Thursday, July 10, 2014

Brakes 2

Yay!!! Some progress.  I managed to put an order in at Napa for parts on Monday of this week.  I basically narrowed my parts list down the the basic essentials.  Here's what I ordered:

  • 4 wheel cylinders
  • 1 master cylinder
  • 4 adjuster screws
  • 8 shoe hold-down clips
  • shoes for front and back
  • master cylinder bleeder kit
  • wheel cylinder bleeder kit
  • 2 parking brake strut springs
I didn't order new drums because the existing drums look like they're in good condition.  Besides, if it turns out they're not (out of round or whatever), those are REALLY easy to replace.

I picked up all the parts today and started with the master cylinder since that's the head end of all of this (and actually it's what I believe is bad).  Sorry I didn't take any pictures of this process.  There's tons of videos out there on Youtube on how to do this stuff (how do you think I learned?  I have no idea what I'm doing except for what I watched on Youtube).  But here's some of the basic steps I took to remove the master cylinder on my Jeep DJ5.

First, I pulled the battery and tray out.  They sit right above where my master cylinder is mounted in a little box just off to the side of the frame rail.  There were 4 bolts/nuts holding it in.  Two in the firewall, one on the fender, and one on a large bracket that goes down to the frame.

Once the battery stuff was gone, I disconnected the brake pedal from the cylinder strut bar.  It was just held in by a cotter pin and washer.  The strut is kinda semi-permanently held in to the master cylinder by a one-way retention ring with 4 fingers on it.  I didn't know that though until I got it totally out and on my workbench.  So basically, you'll have to leave the strut and the rubber boot that covers the joint on the master cylinder until you remove it.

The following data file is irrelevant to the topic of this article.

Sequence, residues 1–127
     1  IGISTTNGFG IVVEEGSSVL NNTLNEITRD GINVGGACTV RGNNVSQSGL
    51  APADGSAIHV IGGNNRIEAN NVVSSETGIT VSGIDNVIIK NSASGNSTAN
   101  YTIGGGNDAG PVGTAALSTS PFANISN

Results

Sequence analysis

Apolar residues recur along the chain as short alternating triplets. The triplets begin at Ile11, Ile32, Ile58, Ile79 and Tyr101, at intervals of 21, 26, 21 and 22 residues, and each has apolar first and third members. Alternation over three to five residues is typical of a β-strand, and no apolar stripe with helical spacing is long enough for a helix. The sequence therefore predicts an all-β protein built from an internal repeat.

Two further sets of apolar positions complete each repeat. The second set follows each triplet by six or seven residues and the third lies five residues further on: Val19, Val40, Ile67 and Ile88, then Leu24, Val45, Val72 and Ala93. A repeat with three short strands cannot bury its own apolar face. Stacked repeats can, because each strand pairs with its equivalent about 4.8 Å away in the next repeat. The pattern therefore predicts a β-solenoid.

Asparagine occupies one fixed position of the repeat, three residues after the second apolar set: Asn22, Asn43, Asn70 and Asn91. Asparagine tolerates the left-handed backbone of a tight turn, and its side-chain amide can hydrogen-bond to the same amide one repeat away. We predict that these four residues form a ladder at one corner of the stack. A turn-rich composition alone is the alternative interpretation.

I then removed the two bolts that hold the master cylinder into the box.  Then disconnected the brake lines with a 1/2" wrench.  They're basically just rigid metal lines that are flared at the end and a compression nut.  Once everything was disconnected, I was able to pull the master cylinder out, feeding the strut through the hole as it came out on a diagonal.

Once I drained and disposed of the fluid in the reservoir, I had to get that rubber boot and strut out of it to be used on the new master cylinder.  The rubber boot is just held on by a lip around the edge of the opening.  Just needed to lightly pry it off with a flat head screwdriver and then shimmy it down the strut so it's out of the way.

The strut is held in by a 4-fingered retention ring.  My first thought was that I was going to have to find proper tools to carefully remove the two retention rings (there was also an outer ring too).  Then I realized... I'm not keeping this damn thing.  Why do I have to be careful with it?

So I took a flat head screw driver and bent the four fingers down which freed up enough space to pull the strut bar out.  I cleaned it up with a wire brush and set it aside.

I put my new master cylinder in my vice just like in the videos and attempted to use the bleeder kit I had from Napa, but the kit was missing one of the properly sized connectors so I did the best I could with what was there, and then capped off the ports and put the lid back on.  Check Youtube videos for details on how to do this.

Brought it back up to the Jeep and re-installed it.  I won't go through all the details, as I had to do it 3 times before I got it right... but, make sure that you hook up the brake lines in first as the must be threaded in straight or it won't work right.  I hooked em up, then bolted the master cylinder back in, and then tightened everything down.

I won't be re-bleeding the cylinder on the car tonight (you need a buddy to do it, and my wiffy has already gone to bed).  Will have to install the front seat temporarily to do it so you can press on the brake pedal to do the bleeding.  That's all for now.  Next is to bleed the master cylinder and then start to disassemble and reassemble all the drum stuff.  And more bleeding.